To further test the efficacy of drug treatment with GSK690693, we employed a Pten+/− knockout model that is susceptible to endometrial neoplastic lesions with full penetrance and characterized by activation of Akt in the endometrium (12). The Pten+/− model has relevance to human cancer in that loss of PTEN is one of the earliest detectable abnormalities in the endometrioid subtype of human endometrial cancer, and loss of PTEN results in deregulation and subsequent constitutive activation of AKT kinase (12). In addition, we also employed a transgenic mouse model of spontaneous epithelial ovarian cancer with expression of SV40 Tag/tag under transcriptional control of the MISIIR promoter (13), which we previously used to test a chemoprevention strategy for targeting Akt/mTor signaling with RAD001 (everolimus; Novartis Pharma AG) (14). SV40 tag binds protein phosphatase PP2A and inhibits its activity, resulting in activation of PI3K-AKT and MAPK signaling (15), and SV40 Tag binds to and functionally inactivates products of the Tp53 and Rb1 genes, which are frequently mutated in human ovarian cancer (16).

Overall, we found that genetically-defined murine tumor models known to be strongly dependent on Akt activity for tumor development exhibited marked response to GSK690693 in terms of delayed tumor progression, decreased phosphorylation of downstream targets of Akt, and decreased cell proliferation and/or increased apoptosis. Collectively, the pharmacologic profile of GSK690693 is consistent with a selective AKT kinase inhibitor, and elevated AKT phosphorylation in tumors may be considered a useful indicator of patients who may benefit from the use of an AKT kinase inhibitor.

Materials and Methods

Reagents

GSK690693 is an AKT kinase inhibitor derived from the aminofurazan chemical series synthesized at GlaxoSmithKline. For all in vitro studies, GSK690693 was dissolved in DMSO at a concentration of 10 mmol/L prior to use. For the tumor xenograft studies, GSK690693 was formulated in 5% dextrose (pH 4.0).

Anti-phospho (P)-AKT (Ser473), anti-AKT, P-AKT blocking peptide, anti-P-mTOR (Ser2448), anti-mTOR, anti-P-p70S6K (Thr389), anti-p70S6K, anti-P-GSK3α/β (Ser21/9), anti-GSK3α/β, anti-P-FOXO1/3 (Thr24/32), P-FOXO1/3 blocking peptide, anti-FOXO, anti-P-PRAS40/Akt1s1 (Thr246) and anti-PRAS40/Akt1s1 and anti-cleaved caspase-3 antibodies were from Cell Signaling (Beverly, MA). Anti-β-actin was from Sigma (St. Louis, MO), and anti-Ki-67 was obtained from Vector Laboratories (Burlingame, CA). Anti-mouse Ki-67 rat monoclonal antibody was from Dako (Carpinteria, CA).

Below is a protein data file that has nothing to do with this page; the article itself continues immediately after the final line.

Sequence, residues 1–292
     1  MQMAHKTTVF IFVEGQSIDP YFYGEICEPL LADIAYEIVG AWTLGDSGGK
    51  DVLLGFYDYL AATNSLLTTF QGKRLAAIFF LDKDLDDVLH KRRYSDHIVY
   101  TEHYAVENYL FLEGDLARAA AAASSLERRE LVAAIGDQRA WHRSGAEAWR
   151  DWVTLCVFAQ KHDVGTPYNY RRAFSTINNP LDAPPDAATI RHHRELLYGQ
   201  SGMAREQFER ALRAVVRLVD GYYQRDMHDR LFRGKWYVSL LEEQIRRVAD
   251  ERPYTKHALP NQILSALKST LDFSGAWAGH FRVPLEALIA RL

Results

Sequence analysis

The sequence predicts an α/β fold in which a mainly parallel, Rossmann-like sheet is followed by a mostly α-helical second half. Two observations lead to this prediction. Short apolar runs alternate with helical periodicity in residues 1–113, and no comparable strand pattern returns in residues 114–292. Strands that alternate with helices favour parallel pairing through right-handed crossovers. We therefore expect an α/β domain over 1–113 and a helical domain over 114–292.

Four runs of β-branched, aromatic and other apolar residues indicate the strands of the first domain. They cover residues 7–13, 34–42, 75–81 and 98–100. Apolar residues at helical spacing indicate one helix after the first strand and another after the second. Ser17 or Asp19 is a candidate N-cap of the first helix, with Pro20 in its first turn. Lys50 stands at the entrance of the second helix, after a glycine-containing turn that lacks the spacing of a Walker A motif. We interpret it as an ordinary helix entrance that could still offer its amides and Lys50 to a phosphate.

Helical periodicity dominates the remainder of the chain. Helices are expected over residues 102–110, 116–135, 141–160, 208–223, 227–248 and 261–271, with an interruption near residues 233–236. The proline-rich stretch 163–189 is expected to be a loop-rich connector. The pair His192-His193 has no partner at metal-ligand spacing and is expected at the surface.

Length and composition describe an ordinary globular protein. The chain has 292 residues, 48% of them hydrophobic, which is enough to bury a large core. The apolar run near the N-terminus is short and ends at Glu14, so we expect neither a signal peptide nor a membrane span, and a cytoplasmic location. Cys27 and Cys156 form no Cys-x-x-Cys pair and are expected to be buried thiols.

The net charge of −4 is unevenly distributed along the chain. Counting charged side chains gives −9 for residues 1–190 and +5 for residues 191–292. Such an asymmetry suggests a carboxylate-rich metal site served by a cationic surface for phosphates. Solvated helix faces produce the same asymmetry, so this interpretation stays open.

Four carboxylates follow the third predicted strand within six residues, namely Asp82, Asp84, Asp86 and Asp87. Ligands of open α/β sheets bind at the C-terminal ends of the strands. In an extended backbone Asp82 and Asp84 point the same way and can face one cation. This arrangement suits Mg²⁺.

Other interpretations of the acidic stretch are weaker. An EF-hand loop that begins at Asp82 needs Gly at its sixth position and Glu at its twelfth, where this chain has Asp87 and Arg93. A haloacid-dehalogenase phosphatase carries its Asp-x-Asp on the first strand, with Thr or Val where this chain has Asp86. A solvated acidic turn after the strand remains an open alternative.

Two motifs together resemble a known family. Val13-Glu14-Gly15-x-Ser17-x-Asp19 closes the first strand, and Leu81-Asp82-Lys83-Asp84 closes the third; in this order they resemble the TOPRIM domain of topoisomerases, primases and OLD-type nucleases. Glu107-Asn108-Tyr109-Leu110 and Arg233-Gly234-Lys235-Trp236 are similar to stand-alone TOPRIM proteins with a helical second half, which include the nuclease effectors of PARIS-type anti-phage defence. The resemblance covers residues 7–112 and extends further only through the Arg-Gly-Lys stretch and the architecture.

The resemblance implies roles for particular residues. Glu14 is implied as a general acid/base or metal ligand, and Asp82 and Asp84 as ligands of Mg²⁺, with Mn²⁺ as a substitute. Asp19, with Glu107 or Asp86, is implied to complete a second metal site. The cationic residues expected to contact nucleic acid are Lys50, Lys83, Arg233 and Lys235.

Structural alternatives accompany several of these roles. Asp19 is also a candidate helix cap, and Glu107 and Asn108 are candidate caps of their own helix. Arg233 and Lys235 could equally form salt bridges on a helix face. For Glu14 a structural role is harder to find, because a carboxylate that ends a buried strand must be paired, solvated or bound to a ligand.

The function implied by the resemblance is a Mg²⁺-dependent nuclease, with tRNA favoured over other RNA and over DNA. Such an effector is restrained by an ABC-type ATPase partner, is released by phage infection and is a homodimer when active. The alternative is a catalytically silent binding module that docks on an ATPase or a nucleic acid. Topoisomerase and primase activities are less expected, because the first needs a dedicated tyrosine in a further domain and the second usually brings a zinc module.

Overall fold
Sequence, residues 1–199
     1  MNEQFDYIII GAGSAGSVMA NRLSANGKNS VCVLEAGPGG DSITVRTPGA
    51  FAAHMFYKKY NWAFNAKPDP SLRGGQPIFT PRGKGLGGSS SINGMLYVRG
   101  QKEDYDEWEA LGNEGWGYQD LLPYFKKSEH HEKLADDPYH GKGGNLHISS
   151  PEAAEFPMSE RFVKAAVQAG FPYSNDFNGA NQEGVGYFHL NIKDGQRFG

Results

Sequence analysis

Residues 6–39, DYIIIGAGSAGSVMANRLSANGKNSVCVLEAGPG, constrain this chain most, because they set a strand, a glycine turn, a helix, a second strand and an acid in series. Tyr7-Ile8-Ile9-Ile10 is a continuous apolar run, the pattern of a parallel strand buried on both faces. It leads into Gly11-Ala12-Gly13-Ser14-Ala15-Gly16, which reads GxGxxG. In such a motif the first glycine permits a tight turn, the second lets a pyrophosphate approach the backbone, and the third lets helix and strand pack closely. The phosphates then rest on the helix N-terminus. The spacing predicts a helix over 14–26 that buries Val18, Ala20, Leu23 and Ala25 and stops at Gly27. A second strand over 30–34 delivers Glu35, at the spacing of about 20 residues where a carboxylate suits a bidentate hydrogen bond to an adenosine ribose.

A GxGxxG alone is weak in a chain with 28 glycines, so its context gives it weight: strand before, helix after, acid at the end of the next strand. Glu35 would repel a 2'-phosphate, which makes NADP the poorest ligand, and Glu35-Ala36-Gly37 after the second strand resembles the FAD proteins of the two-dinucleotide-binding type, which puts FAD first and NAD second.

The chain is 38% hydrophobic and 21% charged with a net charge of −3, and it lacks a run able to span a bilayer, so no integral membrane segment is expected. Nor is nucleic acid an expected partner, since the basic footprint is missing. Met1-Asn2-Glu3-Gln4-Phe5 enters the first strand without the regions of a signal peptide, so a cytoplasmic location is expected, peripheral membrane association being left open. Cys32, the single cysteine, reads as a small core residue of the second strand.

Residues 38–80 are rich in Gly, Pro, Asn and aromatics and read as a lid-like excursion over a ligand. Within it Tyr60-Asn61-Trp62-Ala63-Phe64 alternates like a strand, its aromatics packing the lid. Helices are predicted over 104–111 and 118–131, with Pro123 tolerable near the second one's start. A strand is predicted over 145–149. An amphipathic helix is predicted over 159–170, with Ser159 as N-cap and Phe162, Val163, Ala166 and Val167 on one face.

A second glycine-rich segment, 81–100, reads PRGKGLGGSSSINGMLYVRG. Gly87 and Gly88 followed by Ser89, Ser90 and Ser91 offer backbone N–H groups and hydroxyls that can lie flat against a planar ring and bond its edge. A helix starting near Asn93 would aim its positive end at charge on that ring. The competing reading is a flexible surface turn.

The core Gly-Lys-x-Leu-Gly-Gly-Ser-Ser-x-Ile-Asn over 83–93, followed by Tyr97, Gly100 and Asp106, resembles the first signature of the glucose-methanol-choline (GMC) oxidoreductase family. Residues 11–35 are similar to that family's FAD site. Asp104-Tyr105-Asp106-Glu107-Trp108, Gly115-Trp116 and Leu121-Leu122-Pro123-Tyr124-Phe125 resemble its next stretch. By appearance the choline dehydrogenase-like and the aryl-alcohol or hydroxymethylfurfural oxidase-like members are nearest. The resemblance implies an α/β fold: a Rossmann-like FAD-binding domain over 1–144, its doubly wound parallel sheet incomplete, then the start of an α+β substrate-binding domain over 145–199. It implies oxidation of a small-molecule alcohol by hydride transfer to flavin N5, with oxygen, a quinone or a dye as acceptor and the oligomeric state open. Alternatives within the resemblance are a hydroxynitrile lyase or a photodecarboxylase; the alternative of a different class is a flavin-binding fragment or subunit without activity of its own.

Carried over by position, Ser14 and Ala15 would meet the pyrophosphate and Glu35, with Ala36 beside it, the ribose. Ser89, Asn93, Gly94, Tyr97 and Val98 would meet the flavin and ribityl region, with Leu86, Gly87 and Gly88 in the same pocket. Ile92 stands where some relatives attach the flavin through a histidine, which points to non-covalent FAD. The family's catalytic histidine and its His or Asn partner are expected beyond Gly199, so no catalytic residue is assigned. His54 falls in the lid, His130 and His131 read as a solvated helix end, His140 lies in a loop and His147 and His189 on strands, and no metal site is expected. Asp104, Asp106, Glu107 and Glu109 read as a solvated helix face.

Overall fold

Transgenic Mice and Treatments

Animal experiments were approved by our Institutional Animal Care and Usage Committee in accordance with NIH guidelines. Genetically defined mouse models were genotyped by PCR using previously described methodology (9, 12, 13). Treatment regimens for each mouse model were customized based on previously reported tumor latency of untreated mice. For each study, mice were assigned to two groups receiving either GSK690693 or placebo. For in vivo drug studies of the Lck-MyrAkt2 transgenic mouse model, GSK690693 was injected intraperitoneally at a dose of 30 mg/kg daily, 5 days per wk. Treatment was begun at 8 wks of age and continued for 4 wks duration, at which point all mice were euthanized. Treatment of Pten+/− knockout mice with 30 mg/kg GSK690693 was initiated at 5 mo of age and consisted of 3 cycles of 3 wks of i.p. injections, followed by 1 wk rest, for a total treatment duration of 12 wks. Treatment of TgMISIIR-TAg-DR26 mice with 30 mg/kg GSK690693 was initiated at 14 wks and continued for 4 wks duration. For all preclinical studies, mice were weighed weekly, and dosage was adjusted accordingly, so that the dose could be decreased if there was weight loss. No significant weight loss of greater than 10% of the initial body weight was observed in the GSK690693-treated or placebo-treated groups. Tumor volumes in Lck-MyrAkt2 and TgMISIIR-TAg-DR26 mice were calculated as follows: V = L x W x D x π/6, where V is volume, L is length, W is width, and D is depth. Pten+/− mice were examined histologically for lesions. Tumors from Lck-MyrAkt2 and TgMISIIR-TAg-DR26 mice also were examined histologically.

Immunohistochemistry

Tumors were fixed in 10% neutral buffered formalin and embedded in paraffin. Slides containing formalin-fixed, paraffin-embedded samples were deparaffinized, hydrated in water and subjected to antigen retrieval in 10 mM citrate buffer, pH 6.0. Anti-P-AKT (Ser 473), anti-P-FOXO1/3 (Thr24/32), anti-Ki-67, and anti-cleaved caspase-3 (each defined above) were detected with biotinylated secondary antibodies. Specificity for anti-AKT and anti-FOXO1/3 antibodies was confirmed by preincubation with antigen-specific blocking peptide. Tissue sections were stained with DAB chromogen and counterstained with hematoxylin.

Photographs of endometrium and ovarian tumors were captured with an Eclipse E600 microscope (Nikon Instruments, Melville, NY) fitted with a Nikon DXM1200 digital camara. Nikon ACT-1 version 2 software was used for acquisition of digital pictures using a 40x objective. Photographs of thymic lymphomas were captured with an Arcturus PixCell IIe microscope (Molecular Devices, Sunnyvale, CA), using a 20x objective and version 2.0.0 software.